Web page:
Recent massacres by terrorists in Brussels and Lahore reflect the changing dynamic of the threat. Fear of attacks forces governments to divert resources to combat possible threats in ungoverned zones and areas of sectarian conflict.
By Barry Desker*
The recent spate of terrorist attacks and the diverse extremist Muslim groups involved have highlighted the changing nature of the terrorist threat. The reality is that these terrorist groups are unlikely to take over governments, whether in Asia, Africa or Europe. They pose a threat in ungoverned zones like ISIS-held territories in Syria or Taliban-controlled areas in Afghanistan where they provide a semblance of order under duress while providing support to far flung supporters.
But the fear of attacks forces governments around the world to divert resources to combat possible threats. It also fosters a climate of suspicion, as seen in the negative European reaction to the current flood of Muslim refugees from the Middle East and the anti-Muslim tone of the campaign by the frontrunners in the American Republican presidential campaign.
Terrorist Networks Overwhelm Security Agencies
The 22 March morning rush hour attacks in Brussels, involving two explosions at its main international airport and a third in a subway station, have shaken the complacency of the European public. The mood was already darkened by the after-effects of a series of coordinated attacks in Paris on 13 November 2015, killing a total of at least 165, not to mention many more injured.
What is now emerging is that the Brussels and Paris attacks are related. A super cell with its command centre in Syria was involved in plotting and executing both attacks. The attacks have highlighted the lack of coordination and information exchanges among European security agencies and even within Belgium itself.
The terrorist network operated seamlessly across national borders, communicated through encrypted messages and received broad directives from the Islamic State in Iraq and Syria (ISIS), also known as ISIL, which has claimed responsibility for the attacks. The national security agencies and police forces were stymied by laws and rules promulgated in a more genteel era.
Belgium security agencies and police forces are divided along linguistic lines, with at least six different police jurisdictions within Brussels, a city of one million people. In Brussels, the police were prohibited from staging raids from 9pm to 5am, even on apartments and houses housing suspected terrorists.
The weaknesses of existing laws were already apparent after the Paris raid when one of the suspected attackers Salah Abdeslam may have initially escaped because of this loophole intended to protect family privacy. Information has often not been exchanged between security agencies. In the Brussels attack, one of the suicide bombers Ibrahim El Bakraoui had been deported by Turkey as he arrived in transit to Syria to fight for ISIS but was cleared by the Belgian authorities of terrorist affiliations and was repatriated to the Netherlands at his request.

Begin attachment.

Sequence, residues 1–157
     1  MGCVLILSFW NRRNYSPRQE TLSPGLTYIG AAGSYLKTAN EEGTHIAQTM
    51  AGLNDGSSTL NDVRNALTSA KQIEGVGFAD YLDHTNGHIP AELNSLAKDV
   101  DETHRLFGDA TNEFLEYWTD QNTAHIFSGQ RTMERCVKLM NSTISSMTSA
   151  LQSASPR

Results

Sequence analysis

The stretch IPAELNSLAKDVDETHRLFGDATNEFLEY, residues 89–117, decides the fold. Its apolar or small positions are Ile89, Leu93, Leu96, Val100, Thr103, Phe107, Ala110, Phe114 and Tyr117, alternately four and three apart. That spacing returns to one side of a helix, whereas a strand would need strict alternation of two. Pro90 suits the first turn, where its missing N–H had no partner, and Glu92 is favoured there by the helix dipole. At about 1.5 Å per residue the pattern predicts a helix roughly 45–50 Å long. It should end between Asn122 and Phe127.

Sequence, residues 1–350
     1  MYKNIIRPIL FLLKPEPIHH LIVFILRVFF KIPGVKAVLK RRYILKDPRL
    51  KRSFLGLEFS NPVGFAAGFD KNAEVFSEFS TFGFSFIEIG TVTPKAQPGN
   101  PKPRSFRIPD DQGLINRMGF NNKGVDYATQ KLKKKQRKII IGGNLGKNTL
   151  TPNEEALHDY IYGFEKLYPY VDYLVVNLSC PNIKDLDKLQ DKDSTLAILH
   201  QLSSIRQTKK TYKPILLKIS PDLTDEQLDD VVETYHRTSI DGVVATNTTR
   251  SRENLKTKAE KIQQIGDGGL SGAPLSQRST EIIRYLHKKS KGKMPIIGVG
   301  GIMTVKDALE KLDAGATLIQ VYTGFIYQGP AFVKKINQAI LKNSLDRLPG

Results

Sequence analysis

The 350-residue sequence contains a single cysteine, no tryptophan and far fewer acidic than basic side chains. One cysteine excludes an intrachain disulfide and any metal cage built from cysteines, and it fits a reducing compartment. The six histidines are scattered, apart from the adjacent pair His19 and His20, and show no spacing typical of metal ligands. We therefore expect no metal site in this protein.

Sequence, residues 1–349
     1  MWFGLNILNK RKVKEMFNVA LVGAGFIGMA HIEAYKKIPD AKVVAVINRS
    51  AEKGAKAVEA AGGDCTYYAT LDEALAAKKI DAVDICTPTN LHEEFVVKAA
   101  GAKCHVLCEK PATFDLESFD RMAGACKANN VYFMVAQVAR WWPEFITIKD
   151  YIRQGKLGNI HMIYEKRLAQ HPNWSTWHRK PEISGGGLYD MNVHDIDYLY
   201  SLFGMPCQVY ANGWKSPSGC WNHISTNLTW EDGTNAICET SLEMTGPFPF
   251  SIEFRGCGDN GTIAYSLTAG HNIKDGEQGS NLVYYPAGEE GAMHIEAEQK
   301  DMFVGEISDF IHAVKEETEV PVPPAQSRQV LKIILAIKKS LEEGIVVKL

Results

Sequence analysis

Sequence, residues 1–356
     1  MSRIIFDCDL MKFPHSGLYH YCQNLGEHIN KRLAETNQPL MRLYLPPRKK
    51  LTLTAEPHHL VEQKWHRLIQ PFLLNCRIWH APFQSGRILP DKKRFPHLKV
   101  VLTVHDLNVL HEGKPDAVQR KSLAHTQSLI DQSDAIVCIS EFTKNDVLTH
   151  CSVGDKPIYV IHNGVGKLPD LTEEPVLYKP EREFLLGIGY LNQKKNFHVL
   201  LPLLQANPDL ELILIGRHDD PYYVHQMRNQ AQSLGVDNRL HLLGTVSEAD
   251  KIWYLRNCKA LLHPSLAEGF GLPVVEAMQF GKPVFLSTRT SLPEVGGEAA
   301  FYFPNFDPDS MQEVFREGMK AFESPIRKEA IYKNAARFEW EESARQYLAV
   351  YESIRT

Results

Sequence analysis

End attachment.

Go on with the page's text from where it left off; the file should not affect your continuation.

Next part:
With Europe’s open borders, he soon made his way back to Brussels. The Muslim immigrant dominated, working class Molenbeek neighbourhood in Brussels is now seen as the cradle of the super cell. Marginalised, alienated and with roots in petty crime, children of immigrants from the Maghreb were radicalised in mosques, over the internet and in prisons and have become cannon fodder for ISIS’ determination to bring the conflicts in Iraq and Syria to European shores. ISIS now has a second front in Europe.
After Europe, the Asia Front
Turning to Asia, on 27 March, as the minority Christian community in Lahore celebrated Easter Sunday, with many families visiting one of the largest parks in the city, a suicide bomber detonated explosives in his vest killing at least 72 and injuring more than 300 persons. Jamaat-e-Ahrar, a splinter group of the Pakistan Taliban, took responsibility for the attack. It claimed that it was targeting Christians, although most of those killed or wounded are Muslims.
The atrocity reminds us that although the international focus on acts of terrorism has shifted to Europe, lethal attacks continue in Asia and Africa, usually attracting less attention, as demonstrated by the failure to garner any sustained attention when Boko Haram attacks take place, for example, in Mali, northeast Nigeria and Chad.
While ISIS has attracted attention because it has conquered large tracts of Iraq and Syria, it is now coming under increasing pressure from a resurgent Bashir Assad regime backed by sustained Russian air operations. As much as 60 percent of ISIS-held territories in Syria may have fallen to Assad’s forces. But most commentators have missed the critical point – the idea of the Islamic State has captured the imaginations of its supporters who dream of returning to an imagined pristine way of life in the seventh century.
Even if ISIS is bombed out of existence, the threat will emerge elsewhere, for example, in ungoverned post-Gaddafi Libya or in a resurgent Taliban-led insurgency in Afghanistan. Acts of terrorism by Muslim extremists will be a critical concern of policy makers in the next decade.